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Religious Games
Horse Racing

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The Real Story of the Ancient Olympic Games

Only the very rich could afford to train the horses and to hire the riders and drivers for horse and chariot races. Such races were the centerpiece events at the major Panhellenic festivals. Philip II of Macedon's horse won the Olympic flat race in 356 BC, supposedly on the day of his son Alexander's birth. Philip went on to achieve victory in the four-horse chariot event at a number of Olympiads. The four-horse chariot event carried the greatest prestige in the world of Greek athletics. The running distance for teams of full-grown stallions was excessive by today's standards: 12 laps or over 9 kilometers. Eight-lap events were staged for teams of colts. Thus the emphasis was on the animals' endurance and their driver's skill at avoiding collisions. The chariots were light two-wheeled carts equipped with flimsy rails across the front and down the sides. Since they had no springs, they must have bounced around when driven at speed. The drivers wore no protective headgear. While the starting fields were large-in later times consisting of as many as 40 teams-the risks were considerable and many did not finish.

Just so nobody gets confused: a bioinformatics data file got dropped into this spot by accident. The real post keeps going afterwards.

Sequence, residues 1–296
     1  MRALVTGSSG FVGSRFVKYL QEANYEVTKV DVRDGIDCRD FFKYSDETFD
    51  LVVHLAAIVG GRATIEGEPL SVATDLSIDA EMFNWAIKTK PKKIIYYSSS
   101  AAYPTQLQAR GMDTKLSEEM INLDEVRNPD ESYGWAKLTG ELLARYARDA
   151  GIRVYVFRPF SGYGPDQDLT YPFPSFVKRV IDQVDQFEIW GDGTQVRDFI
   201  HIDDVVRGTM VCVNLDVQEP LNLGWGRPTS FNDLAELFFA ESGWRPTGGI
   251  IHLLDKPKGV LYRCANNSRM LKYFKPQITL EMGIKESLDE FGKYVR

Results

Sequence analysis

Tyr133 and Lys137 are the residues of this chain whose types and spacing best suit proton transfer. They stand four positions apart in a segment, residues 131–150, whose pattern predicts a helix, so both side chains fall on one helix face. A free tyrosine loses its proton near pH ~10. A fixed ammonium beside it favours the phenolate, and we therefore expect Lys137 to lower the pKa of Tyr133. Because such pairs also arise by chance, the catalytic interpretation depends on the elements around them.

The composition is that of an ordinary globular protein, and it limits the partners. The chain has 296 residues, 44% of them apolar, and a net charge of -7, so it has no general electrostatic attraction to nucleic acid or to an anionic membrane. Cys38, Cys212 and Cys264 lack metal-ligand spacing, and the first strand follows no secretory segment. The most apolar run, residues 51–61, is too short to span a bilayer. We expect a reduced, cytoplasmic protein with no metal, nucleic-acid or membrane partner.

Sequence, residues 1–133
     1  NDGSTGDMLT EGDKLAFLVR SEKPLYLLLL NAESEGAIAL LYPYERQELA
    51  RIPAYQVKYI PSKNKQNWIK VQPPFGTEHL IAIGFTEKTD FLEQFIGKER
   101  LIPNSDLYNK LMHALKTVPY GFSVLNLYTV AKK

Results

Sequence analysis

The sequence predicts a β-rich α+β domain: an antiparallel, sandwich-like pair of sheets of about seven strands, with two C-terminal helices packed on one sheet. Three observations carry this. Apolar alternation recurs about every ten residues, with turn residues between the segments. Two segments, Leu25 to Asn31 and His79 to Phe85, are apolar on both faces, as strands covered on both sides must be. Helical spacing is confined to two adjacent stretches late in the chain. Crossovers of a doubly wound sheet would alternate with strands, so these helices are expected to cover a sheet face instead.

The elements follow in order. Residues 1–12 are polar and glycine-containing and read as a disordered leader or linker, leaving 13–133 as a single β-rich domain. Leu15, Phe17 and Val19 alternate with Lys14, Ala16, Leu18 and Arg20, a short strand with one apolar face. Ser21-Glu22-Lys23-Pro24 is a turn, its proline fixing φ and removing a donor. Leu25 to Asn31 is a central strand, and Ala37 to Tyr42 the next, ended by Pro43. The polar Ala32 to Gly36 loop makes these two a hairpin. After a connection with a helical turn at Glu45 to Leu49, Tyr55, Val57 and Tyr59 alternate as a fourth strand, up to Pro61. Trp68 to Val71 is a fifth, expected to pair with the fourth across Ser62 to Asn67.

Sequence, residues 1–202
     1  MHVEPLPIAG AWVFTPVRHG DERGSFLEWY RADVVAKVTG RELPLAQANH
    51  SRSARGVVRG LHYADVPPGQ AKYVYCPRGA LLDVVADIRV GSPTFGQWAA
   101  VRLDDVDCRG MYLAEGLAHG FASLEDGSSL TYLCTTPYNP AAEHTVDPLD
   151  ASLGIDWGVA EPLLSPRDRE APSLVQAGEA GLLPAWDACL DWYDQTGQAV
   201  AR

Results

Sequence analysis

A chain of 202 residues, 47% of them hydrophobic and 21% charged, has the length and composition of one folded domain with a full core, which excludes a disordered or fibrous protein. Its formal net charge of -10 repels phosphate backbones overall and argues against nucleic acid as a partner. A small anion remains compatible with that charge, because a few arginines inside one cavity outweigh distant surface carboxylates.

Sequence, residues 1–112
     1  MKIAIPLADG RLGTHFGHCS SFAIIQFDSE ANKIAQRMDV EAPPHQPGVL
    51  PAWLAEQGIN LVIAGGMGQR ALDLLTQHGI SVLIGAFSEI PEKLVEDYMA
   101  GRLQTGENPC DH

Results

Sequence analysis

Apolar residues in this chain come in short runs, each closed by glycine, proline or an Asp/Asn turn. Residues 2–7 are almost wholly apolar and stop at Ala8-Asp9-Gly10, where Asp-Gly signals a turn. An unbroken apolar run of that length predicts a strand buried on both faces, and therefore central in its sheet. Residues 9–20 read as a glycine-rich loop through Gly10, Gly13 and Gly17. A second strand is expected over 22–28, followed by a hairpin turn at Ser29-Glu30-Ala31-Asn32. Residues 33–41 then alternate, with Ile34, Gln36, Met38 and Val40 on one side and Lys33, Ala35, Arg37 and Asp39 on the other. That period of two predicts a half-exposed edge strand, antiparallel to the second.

Attic Black Figure Amphora
Early 5th century BC
By the Diosphos Painter
On loan, Philadelphia Museum of Art
The goddess Athena driving a four-horse chariot or quadriga.
H. 18.8; Dia. 12.0 cm. UM neg. S8-2828.
Silver Tetradrachm
ca. 342-336 BC
Philip II of Macedon
Young naked rider on a walking horse, carrying a long victory palm. This commemorates Philip's victory in the horse race at Olympia in 356 BC Inscribed philippou or "coin of Philip."
Dia. 26.0 mm. Photo courtesy D. White.

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